NPR News

Pages

The Two-Way
11:57 am
Tue August 20, 2013

Dick Van Dyke Can Still Laugh After His Car Burns To A Crisp

Dick Van Dyke's car after the fire. He's willing to sell it.
@iammrvandy

We're glad to report that 87-year-old comic actor Dick Van Dyke is alive and well after some scary moments Monday on a Los Angeles freeway.

We're also glad to be able to say that he's still got his sense of humor.

Read more
The Two-Way
11:50 am
Tue August 20, 2013

New Leak Reported At Japan's Fukushima Nuclear Plant

A construction worker walks beside underground water tanks at the Fukushima Daiichi nuclear plant in Japan.
Toshifumi Kitamura AP

Operators are reporting a fresh leak of contaminated water from the grounds of the ruined Fukushima Daiichi nuclear power plant on Japan's coast.

In 2011, a tsunami sparked meltdowns at the plant, and authorities have had to pump in water ever since to keep the melted nuclear fuel cool. After passing through the reactors, the contaminated water is decontaminated and put into storage until it can be recirculated through the reactor cores.

Read more
NPR Story
11:03 am
Tue August 20, 2013

From Cuba To America, Arturo Sandoval Is An Ambassador For Jazz

Arturo Sandoval and Dizzy Gillespie perform.
Concord Music Group

Originally published on Tue August 20, 2013 3:17 pm

Cuban-born trumpeter Arturo Sandoval is set to receive the Presidential Medal of Freedom later this year for his contributions to the world of music. He's won nine Grammy awards and an Emmy. He's also collaborated with legends like Frank Sinatra and Johnny Mathis, and contemporary stars such as Justin Timberlake and Alicia Keys.

Read more
NPR Story
11:03 am
Tue August 20, 2013

Is It Time To Get Rid of IQ Tests In Schools?

Originally published on Tue August 20, 2013 11:06 am

Transcript

CELESTE HEADLEE, HOST:

This is TELL ME MORE from NPR News. I'm Celeste Headlee. Michel Martin is away. And it's time for our weekly parenting roundtable. Every week we check in with a diverse group of parents to get a little common sense and some savvy advice. Today, we're talking about labeling school children according to their abilities, their strengths and their weaknesses. Schools have long used IQ tests and standardized tests of many varieties to group kids and teach each kid according to his or her abilities.

Read more
NPR Story
11:03 am
Tue August 20, 2013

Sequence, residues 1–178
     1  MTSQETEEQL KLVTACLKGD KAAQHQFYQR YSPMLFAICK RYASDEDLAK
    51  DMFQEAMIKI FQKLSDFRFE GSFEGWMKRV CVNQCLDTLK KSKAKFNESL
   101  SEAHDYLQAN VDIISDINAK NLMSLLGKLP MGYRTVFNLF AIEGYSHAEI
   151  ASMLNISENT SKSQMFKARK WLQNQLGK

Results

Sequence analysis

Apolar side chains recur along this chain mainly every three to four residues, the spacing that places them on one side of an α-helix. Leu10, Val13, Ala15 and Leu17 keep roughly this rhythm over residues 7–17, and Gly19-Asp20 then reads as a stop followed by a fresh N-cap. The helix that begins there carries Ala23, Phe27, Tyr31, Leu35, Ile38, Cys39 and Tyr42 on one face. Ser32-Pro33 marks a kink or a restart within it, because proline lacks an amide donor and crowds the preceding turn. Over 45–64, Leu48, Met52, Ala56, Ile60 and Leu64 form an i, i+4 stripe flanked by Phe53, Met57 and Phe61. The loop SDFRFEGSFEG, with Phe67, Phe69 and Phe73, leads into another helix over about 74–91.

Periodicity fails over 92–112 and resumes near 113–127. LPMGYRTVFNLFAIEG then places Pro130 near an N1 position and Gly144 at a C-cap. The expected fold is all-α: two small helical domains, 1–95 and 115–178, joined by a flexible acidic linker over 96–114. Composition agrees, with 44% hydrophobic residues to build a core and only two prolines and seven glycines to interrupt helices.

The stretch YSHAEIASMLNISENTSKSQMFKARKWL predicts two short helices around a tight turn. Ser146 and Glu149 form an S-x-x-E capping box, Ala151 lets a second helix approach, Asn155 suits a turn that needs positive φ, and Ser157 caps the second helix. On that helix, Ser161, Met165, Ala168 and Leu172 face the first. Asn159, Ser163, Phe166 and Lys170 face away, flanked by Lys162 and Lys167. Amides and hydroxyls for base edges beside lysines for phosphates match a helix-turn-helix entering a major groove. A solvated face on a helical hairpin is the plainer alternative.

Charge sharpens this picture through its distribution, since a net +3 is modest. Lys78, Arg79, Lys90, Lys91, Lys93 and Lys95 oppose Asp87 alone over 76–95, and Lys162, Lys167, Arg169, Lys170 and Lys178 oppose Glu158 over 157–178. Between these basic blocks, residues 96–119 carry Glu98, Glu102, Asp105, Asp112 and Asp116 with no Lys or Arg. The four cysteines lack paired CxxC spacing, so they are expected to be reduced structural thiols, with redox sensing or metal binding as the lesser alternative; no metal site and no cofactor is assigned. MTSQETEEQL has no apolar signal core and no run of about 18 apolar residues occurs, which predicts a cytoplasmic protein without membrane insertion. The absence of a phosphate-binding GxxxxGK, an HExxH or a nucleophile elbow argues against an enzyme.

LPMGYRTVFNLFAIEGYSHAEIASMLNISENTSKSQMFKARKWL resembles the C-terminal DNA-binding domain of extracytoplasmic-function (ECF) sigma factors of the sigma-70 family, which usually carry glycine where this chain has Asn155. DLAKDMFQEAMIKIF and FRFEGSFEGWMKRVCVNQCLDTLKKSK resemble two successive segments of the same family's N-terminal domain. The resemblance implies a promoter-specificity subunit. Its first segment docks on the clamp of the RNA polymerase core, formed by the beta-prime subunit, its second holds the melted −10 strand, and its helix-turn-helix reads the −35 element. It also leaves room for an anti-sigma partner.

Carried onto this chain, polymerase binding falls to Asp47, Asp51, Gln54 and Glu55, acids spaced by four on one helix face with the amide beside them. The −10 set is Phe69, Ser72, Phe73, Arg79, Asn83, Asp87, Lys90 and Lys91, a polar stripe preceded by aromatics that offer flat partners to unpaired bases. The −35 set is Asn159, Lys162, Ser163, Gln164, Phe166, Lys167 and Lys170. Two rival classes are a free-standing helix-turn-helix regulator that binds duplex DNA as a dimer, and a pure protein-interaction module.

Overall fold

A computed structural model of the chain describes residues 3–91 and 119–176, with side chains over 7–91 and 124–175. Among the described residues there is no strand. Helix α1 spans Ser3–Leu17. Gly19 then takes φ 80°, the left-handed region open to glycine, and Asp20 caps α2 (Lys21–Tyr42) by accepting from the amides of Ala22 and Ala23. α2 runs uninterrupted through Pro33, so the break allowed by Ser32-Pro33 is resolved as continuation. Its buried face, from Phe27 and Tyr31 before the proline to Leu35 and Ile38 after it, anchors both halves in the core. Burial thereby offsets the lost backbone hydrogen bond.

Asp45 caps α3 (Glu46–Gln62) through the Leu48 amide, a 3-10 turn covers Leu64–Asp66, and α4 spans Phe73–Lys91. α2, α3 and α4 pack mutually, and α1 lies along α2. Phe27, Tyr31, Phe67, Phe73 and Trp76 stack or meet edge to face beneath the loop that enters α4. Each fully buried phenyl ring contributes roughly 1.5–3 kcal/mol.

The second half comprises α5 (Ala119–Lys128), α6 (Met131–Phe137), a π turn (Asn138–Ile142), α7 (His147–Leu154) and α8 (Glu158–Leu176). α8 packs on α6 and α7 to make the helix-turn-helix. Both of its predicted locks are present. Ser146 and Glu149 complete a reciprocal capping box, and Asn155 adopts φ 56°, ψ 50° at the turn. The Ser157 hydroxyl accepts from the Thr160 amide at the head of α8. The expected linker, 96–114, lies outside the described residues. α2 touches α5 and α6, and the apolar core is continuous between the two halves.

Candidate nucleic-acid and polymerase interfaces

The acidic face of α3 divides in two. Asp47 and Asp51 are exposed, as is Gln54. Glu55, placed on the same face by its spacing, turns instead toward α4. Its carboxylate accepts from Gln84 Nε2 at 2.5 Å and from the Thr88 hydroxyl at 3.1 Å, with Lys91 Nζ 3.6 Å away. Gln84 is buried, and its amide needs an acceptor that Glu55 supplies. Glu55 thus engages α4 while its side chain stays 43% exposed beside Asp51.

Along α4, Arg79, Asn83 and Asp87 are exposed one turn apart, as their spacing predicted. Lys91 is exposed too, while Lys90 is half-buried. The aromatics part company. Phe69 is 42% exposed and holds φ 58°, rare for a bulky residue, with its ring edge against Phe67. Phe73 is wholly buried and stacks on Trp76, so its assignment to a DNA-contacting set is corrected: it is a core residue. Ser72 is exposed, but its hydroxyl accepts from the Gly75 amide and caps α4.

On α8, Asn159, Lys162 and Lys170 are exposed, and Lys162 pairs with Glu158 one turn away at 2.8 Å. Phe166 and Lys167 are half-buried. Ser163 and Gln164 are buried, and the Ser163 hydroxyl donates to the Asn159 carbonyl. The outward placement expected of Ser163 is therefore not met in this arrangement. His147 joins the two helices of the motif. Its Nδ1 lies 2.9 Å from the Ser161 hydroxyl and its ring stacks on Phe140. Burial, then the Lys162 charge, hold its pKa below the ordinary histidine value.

Unrest Boiling Over In Egypt

Originally published on Tue August 20, 2013 11:06 am

Transcript

CELESTE HEADLEE, HOST:

I'm Celeste Headlee and this is TELL ME MORE from NPR News. Michel Martin is away. Coming up, Cuban jazz legend Arturo Sandoval joins us for a wisdom watch conversation. He'll tell us about his life in music and his special friendship with Dizzy Gillespie.

Read more
The Salt
10:59 am
Tue August 20, 2013

Ramen To The Rescue: How Instant Noodles Fight Global Hunger

A child eats instant noodles on a train at the Harbin Railway Station in northeast China.
Wang Jianwei Xinhua /Landov

Originally published on Fri August 23, 2013 2:25 pm

Ask about the foods that have conquered the world and you're likely to hear about Coca-Cola and McDonald's Big Macs.

Read more
Parallels
10:52 am
Tue August 20, 2013

60-Second Video: Syrian Refugees Escape To Lebanon

Global Post

Originally published on Tue August 20, 2013 1:47 pm

Nearly 2 million Syrians are refugees in other countries because of the civil war in their country. Many of them — nearly 700,000, according to the U.N. — are now in Lebanese camps.

Our partners at Global Post have captured how some Syrians enter Turkey and then make their way by boat to Lebanon.

Read more
Parallels
10:49 am
Tue August 20, 2013

CIA's Acknowledgment Of Iran Coup Role Is Latest Revelation

Iranian Prime Minister Mohammad Mossadegh in October 1951. The CIA this week acknowledged publicly for the first time that it played a role in the coup that ousted Mossadegh.
AP

Originally published on Tue August 20, 2013 11:45 am

The CIA isn't exactly known for its openness. But for a spy agency, it's been a gusher of information over the past week when it comes to old controversies.

The CIA has now acknowledged its role in the 1953 coup that deposed Iran's left-leaning Prime Minister Mohammad Mosaddegh. Few Iranians will be surprised. They have always believed Mosaddegh was ousted by U.S. and British interests, and those suspicions are a big part of Iran's mistrust of the West to this day.

The Iran revelation was not the only one.

Read more
Code Switch
10:29 am
Tue August 20, 2013

The Dream 9 Pushes The Envelope (And Their Allies' Buttons)

The immigration activists known as the Dream 9 were arrested after attempting to re-enter the United States.
Samantha Sais AP

Originally published on Tue August 20, 2013 3:11 pm

The national conversation around immigration has shifted dramatically over the past decade. That's in large part because of activists who have pushed to change the narrative around the undocumented.

Read more
It's All Politics
10:05 am
Tue August 20, 2013

Obama's College-Cost Tour Is A Chance To Get Past Climbing Walls

The climbing wall at Miami University in Oxford, Ohio. Such amenities have been cited as evidence of wasteful spending on college campuses.
AP

Originally published on Tue August 20, 2013 11:34 am

President Obama, back from his vacation, is scheduled to address the college affordability crisis in a campaign-style bus tour that will take him to New York and Pennsylvania.

The tour, which takes place Thursday and Friday, is part of the president's overarching effort to highlight his agenda for middle-class Americans and to raise pressure on congressional Republicans to act on his second-term priorities.

Read more

Pages